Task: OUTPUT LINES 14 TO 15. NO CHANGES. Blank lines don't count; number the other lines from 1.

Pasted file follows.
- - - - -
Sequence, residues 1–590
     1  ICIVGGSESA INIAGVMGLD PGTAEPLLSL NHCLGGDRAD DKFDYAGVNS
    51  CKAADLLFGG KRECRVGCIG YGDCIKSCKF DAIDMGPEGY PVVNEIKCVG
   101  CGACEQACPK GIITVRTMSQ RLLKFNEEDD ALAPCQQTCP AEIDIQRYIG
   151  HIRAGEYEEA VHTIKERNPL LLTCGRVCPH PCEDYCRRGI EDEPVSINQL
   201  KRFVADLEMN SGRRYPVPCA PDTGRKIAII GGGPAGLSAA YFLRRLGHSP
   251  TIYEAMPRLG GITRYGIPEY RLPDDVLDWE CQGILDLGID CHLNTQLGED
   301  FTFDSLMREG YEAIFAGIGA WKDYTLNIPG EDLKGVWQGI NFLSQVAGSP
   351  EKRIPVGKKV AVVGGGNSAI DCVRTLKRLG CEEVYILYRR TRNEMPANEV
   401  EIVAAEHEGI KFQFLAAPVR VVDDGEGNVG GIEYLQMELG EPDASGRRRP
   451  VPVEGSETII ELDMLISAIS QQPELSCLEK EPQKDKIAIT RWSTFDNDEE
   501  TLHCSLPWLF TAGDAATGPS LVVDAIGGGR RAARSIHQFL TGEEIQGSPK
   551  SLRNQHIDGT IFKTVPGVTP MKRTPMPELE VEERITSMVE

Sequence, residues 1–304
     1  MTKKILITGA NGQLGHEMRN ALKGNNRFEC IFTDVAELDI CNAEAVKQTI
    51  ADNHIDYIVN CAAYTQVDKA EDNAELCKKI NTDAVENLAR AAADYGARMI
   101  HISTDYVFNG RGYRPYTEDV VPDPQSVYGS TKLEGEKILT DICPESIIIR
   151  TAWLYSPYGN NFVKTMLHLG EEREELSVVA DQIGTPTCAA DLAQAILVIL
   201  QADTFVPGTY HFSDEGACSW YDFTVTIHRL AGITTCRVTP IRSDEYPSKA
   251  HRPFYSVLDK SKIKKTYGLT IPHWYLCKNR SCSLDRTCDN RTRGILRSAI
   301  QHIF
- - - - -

Sequence, residues 1–304
     1  MTKKILITGA NGQLGHEMRN ALKGNNRFEC IFTDVAELDI CNAEAVKQTI